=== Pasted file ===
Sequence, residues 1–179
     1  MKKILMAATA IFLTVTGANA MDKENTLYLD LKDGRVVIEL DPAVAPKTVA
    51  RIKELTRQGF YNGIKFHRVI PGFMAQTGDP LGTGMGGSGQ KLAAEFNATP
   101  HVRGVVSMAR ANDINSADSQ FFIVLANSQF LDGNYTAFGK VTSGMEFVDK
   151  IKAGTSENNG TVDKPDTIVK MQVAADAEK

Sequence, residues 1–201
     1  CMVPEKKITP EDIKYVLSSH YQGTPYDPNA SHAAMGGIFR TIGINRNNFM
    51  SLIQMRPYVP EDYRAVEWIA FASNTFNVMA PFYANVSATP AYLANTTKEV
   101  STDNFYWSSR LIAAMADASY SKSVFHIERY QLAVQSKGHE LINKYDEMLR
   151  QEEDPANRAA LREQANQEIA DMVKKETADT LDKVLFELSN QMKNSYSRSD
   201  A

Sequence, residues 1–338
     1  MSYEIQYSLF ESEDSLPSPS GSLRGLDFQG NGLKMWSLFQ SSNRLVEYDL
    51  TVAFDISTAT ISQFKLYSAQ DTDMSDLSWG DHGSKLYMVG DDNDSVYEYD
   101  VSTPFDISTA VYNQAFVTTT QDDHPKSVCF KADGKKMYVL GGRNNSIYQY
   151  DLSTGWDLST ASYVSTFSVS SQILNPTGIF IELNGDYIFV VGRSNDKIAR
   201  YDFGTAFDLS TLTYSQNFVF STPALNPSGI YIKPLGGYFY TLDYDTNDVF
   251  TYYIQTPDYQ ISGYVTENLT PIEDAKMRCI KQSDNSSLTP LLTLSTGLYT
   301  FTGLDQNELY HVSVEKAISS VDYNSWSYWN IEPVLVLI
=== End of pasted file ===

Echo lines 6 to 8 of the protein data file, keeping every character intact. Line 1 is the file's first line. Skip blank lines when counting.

Sequence, residues 1–201
     1  CMVPEKKITP EDIKYVLSSH YQGTPYDPNA SHAAMGGIFR TIGINRNNFM
    51  SLIQMRPYVP EDYRAVEWIA FASNTFNVMA PFYANVSATP AYLANTTKEV